First Two Kills at Del Mar

The first two kills of the Del Mar season have been recorded: 5-year-old Nevisian Sunrise, according to ABC San Diego, “collided with a stationary object” Friday and was euthanized. Yesterday, 4-year-old Ghostem suffered a “non-operable musculoskeltal injury” training and was also euthanized.

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  1. Collided with a stationary object…?
    Every single day…more and more animal abuse at the race tracks!….

  2. There was some pretty good media coverage of the deaths and the previous jockey injury on the local news last night. Another horse was vanned off yesterday as well. So much for Del Mar being “the safest race track in America “as they love to tout. No race track is safe.

  3. What do they do with the dead bodies? I looked into it a bit (no pun intended):
    • New York Agriculture and Markets Law § 377. Disposal of dead animals. The carcasses of large domestic animals, including but not limited to horses, cows, sheep, swine, goats and mules, which have died otherwise than by slaughter, shall be buried at least three feet below the surface of the ground or seventy‐two representative of the commissioner.

    • Officials with the West Virginia Racing Commission are trying to determine how a euthanized thoroughbred horse from Mountaineer Racetrack ended up in a Hancock County landfill.
    • “From conversations with Mountaineer Park management, it is the understanding of the Racing Commission that Mountaineer Park has an arrangement for the disposal of horse remains and the specific manner in which the disposal is to occur does not appear to have been followed in this case,” Joe Moore, the commission’s executive director, said in a statement Tuesday.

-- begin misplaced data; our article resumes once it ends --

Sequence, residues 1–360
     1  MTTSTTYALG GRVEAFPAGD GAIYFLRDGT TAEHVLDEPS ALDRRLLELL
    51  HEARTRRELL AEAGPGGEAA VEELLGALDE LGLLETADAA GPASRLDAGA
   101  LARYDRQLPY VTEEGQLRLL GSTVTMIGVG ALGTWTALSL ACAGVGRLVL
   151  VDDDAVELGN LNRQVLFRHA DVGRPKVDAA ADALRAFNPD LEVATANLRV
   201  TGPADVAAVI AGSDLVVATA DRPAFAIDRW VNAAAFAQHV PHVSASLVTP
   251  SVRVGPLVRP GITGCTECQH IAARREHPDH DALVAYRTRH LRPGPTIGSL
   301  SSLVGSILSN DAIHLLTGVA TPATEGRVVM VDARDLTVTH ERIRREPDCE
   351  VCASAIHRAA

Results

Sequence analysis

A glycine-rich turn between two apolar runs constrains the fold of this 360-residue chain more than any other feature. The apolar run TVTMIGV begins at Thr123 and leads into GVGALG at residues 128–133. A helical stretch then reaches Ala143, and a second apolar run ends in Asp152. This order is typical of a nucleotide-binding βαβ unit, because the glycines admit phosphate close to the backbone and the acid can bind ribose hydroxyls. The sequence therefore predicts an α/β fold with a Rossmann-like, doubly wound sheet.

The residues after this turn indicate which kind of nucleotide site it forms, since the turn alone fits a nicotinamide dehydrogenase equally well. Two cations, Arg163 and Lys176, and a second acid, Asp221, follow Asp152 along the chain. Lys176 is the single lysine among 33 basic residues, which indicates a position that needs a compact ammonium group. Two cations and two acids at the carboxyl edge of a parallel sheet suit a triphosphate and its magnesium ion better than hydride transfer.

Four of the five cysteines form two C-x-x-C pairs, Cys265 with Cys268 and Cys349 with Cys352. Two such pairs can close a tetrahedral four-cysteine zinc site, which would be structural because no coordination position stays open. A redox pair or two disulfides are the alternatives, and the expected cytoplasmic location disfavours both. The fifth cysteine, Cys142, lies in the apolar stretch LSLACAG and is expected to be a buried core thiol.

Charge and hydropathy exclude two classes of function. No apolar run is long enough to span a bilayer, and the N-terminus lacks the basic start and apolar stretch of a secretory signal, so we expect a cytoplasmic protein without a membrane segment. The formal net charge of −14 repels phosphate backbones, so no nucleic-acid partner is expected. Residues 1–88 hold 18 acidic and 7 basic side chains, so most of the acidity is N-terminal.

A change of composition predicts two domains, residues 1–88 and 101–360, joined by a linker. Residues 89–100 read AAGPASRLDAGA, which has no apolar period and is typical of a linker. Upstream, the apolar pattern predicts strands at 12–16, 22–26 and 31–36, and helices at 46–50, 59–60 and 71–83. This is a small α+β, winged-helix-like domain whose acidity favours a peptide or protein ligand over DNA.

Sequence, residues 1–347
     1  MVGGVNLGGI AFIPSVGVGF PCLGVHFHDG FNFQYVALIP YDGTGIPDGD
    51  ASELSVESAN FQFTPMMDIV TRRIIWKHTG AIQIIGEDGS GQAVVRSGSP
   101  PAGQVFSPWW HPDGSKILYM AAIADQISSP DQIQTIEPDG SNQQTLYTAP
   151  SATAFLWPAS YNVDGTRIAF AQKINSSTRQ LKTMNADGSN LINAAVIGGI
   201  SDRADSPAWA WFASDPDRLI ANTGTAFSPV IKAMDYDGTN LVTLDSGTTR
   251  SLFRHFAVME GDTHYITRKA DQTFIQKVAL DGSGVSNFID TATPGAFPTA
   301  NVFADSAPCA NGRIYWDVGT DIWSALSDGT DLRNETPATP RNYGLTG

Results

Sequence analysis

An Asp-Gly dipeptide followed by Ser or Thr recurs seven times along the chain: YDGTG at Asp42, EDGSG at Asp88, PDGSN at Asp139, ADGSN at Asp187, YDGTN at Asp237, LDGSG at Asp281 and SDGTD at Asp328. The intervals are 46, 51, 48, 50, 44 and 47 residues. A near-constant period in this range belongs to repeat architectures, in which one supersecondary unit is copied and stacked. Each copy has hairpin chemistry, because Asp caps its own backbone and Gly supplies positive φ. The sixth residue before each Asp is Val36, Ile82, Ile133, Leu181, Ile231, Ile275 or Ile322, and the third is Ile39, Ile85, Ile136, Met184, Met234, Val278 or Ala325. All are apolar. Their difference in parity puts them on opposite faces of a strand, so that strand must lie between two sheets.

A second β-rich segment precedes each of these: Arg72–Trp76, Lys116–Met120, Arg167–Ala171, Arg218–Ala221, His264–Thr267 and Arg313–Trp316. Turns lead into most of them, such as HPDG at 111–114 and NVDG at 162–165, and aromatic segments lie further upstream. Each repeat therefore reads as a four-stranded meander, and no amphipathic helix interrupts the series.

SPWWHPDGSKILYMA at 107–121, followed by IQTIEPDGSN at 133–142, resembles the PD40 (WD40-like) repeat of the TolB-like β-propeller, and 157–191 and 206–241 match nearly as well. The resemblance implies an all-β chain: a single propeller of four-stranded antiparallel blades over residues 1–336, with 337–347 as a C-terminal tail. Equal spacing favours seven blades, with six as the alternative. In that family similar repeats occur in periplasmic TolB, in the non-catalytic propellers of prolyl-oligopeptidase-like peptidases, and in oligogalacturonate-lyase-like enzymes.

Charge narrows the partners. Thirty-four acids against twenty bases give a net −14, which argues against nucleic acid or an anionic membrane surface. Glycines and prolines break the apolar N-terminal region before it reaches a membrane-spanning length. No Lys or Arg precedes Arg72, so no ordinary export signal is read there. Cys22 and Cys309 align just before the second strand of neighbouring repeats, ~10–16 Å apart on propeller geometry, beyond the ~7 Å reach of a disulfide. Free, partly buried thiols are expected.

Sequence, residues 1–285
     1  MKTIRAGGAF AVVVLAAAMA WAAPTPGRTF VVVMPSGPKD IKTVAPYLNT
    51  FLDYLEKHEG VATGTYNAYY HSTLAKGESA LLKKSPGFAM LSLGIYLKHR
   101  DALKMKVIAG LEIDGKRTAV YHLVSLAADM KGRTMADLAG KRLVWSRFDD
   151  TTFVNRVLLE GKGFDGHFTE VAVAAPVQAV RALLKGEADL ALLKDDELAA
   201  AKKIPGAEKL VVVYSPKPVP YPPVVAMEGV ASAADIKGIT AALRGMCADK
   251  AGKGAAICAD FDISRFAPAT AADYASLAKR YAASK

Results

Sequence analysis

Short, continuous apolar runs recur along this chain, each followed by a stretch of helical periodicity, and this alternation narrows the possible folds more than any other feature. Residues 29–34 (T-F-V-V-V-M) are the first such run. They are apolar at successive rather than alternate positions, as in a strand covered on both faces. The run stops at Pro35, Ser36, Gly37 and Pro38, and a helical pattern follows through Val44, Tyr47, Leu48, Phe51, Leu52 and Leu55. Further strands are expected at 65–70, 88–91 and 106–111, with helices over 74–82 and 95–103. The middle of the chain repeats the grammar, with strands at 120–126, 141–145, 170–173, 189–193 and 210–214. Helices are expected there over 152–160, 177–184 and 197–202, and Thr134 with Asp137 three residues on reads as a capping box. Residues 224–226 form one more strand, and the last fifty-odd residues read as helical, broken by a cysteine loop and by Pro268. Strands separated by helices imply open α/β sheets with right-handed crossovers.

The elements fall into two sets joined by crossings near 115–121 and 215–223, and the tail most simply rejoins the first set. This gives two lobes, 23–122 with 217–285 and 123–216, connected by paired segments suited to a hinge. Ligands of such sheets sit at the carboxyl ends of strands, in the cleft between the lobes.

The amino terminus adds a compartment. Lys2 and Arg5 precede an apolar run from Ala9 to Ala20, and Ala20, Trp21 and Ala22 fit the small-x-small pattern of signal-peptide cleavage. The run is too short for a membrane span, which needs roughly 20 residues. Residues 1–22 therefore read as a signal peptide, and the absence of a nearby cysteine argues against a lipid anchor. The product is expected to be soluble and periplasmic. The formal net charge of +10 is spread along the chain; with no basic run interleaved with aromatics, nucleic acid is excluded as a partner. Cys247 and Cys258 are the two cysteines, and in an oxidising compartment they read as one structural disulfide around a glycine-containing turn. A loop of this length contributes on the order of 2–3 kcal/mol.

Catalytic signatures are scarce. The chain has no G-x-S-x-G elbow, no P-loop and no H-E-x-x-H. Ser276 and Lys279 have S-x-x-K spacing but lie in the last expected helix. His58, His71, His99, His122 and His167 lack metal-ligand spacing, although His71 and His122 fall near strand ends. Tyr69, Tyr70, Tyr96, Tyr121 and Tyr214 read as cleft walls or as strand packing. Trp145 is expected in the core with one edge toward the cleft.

• “With that said, the Racing Commission does not have any specific regulation that directs our racetracks to dispose of horse remains in any specific manner,” he said. Disgusting! (MH’s comment)

    • It “is” disgusting, Margaret! Thank you for reporting on what happened to a killed TB who died at Mountaineer Park: A landfill! Garbage, I guess, to them. I wish that the photo of the buried horse could be shown on a screen at the racetrack before a race. “Here lies (horse’s name). S/he was killed in a race at this race track. This is a landfill and here is where we dumped her/his body, like garbage. We LOVE our horses and grieve when they die, though! ” And the Racing Commission could care less what happens, obviously, or they would have regulations about the proper burial. This horse was NEVER LOVED except by her mother and s/he was stolen away from her as a young filly or colt, never to be loved or cared for properly, again.

      • “The Disposal of Bridget Moloney” posted under Everyday Obituaries on this blog on October 18, 2019, (60 comments).

  4. The only reason a horse would collide with a stationary object is if they are terrified and trying desperately to outrun a threat – like a whip wielding jockey or a trainer striking them repeatedly in the face (sound familiar?). A good 99% of people involved in the racing industry don’t have a damn clue how to work with horses, and it these all-too-common types of deaths prove it.

  5. Without having a video replay of the course of events that lead up to and including the horse named NEVISIAN SUNRISE colliding with a stationary object, I can only imagine what type of object this horse ran into.
    I didn’t see the ABC NEWS report on this, but I’m really glad that a national news media Network covered the story.

    A few years ago, I did see a video replay on YouTube of a different racehorse at a different place and time that jumped the railing to his left on a straight-a-way racetrack and ran into a pickup truck that was parked parallel to the racetrack. It was an unbelievably horrific sight!!!!! The horse hit the automobile with such great force, and the jockey went flying through the air from the momentum. At the very least, the pickup truck could have been parked in an appropriate parking area. All horseracing tracks should be under much more scrutiny whether they are regulated or not.

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